There’s a worrying trend towards increased surveillance in Europe, says Amnesty International adviser Tanya O’Carroll.
“What’s happening in Europe is a trend in a very negative direction. Governments are giving themselves vague powers to gather information on everyone, whether you’re a lawyer, a doctor or an NGO,” O’Carroll said, referring to the French law that passed this spring and planned legislation in Switzerland and the Netherlands.
Amnesty International revealed this week that it was targeted for surveillance by British intelligence agency GCHQ. The British investigatory powers tribunal, which oversees allegations of government surveillance, confirmed to the NGO in an email sent Wednesday (1 July) that its communications had been tapped and its data stored beyond the legal time limit.
Following Edward Snowden’s revelations in 2013 about government surveillance programmes, Amnesty International filed a legal complaint with other NGOs against the British government, citing suspicions they’d had their communications intercepted.
In a statement on Wednesday, Amnesty International said it still has no information on what data GCHQ collected or how it was used.
“The information from the tribunal raises more questions than it answers,” O’Carroll said. Amnesty International has requested a parliamentary inquiry into the case.
Salil Shetty, Amnesty’s secretary general, said, “The revelation that the UK government has been spying on Amnesty International highlights the gross inadequacies in the UK’s surveillance legislation.”
Snowden’s disclosures on American and European intelligence activities exposed that GCHQ shares data with US agencies.
So-called ‘trialogue’ negotiations on EU data protection reform got started last week between the European Parliament, the Commission and Council. The legislation includes a regulation that addresses companies’ processing of personal data and a directive on police use of data.
But the data reform package, which legislators have vowed to wrap up this year, wouldn’t reign in intelligence agencies’ data collection.
“The data protection package would improve significantly the control of individuals over the processing of their data,” said German MEP Jan Philipp Albrecht (Green), the rapporteur on the reform package.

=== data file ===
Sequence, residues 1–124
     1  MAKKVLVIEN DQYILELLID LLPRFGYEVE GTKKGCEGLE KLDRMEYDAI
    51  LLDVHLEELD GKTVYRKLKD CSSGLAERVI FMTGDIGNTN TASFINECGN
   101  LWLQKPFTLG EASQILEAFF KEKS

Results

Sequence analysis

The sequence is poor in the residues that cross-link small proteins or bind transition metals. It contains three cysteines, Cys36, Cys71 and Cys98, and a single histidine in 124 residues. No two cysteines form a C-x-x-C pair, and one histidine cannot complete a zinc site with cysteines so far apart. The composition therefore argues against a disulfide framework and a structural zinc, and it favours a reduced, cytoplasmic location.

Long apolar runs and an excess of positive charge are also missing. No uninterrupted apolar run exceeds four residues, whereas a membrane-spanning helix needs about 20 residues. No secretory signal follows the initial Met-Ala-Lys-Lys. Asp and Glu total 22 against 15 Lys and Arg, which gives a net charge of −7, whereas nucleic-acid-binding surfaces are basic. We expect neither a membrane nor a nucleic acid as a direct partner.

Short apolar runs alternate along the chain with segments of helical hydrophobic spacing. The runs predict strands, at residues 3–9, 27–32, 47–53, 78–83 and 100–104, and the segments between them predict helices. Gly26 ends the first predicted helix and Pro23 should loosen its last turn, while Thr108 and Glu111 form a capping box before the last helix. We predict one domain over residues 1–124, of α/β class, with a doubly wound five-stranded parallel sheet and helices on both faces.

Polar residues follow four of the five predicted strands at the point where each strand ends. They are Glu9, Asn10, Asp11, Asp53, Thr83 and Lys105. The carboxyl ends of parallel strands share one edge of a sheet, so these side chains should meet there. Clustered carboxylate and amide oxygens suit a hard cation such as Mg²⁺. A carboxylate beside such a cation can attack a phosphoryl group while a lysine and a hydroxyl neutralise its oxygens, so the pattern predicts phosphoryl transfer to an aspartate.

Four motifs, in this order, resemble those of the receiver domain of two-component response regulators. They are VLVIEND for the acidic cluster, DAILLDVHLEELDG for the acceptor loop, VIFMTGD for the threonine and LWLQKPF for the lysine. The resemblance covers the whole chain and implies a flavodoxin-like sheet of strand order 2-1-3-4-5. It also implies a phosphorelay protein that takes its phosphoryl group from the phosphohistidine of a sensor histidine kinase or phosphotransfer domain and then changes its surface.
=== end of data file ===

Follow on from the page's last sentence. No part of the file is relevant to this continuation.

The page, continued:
“But the activity of intelligence agencies is completely exempt from all European rules. This is why there needs to be more activity of the European Commission and the Member States governments to pass at least minimum standards for the work and control of intelligence agencies. It is outrageous that since the revelations of Edward Snowden two years ago, no EU government has acted to end the massive infringement of human rights on privacy and data protection by their national security services.”
There were more details on the reach of government surveillance in Europe that surfaced this week.
Wikileaks published cables at the beginning of the week detailing UK and US intelligence agencies’ monitoring of Germany and France since the 1990s. In another dramatic twist, German magazine Der Spiegel filed a legal complaint today (3 July) over suspicions that its journalists were under surveillance from US agencies.
The European Data Protection Supervisor Giovanni Buttarelli, the EU’s privacy watchdog, does not comment on specific cases in the member states.
Asked about GCHQ’s surveillance of Amnesty International, Buttarelli told EURACTIV, “The principles are the same and are to be respected by national entities and by third countries operating in the EU.”
The European Data Protection Supervisor’s 2014 report, which was published yesterday (2 July), says “concerns about mass surveillance deepened, with the growing realisation of the need to revise and to clarify the parameters for data flows between the EU and its global partners”.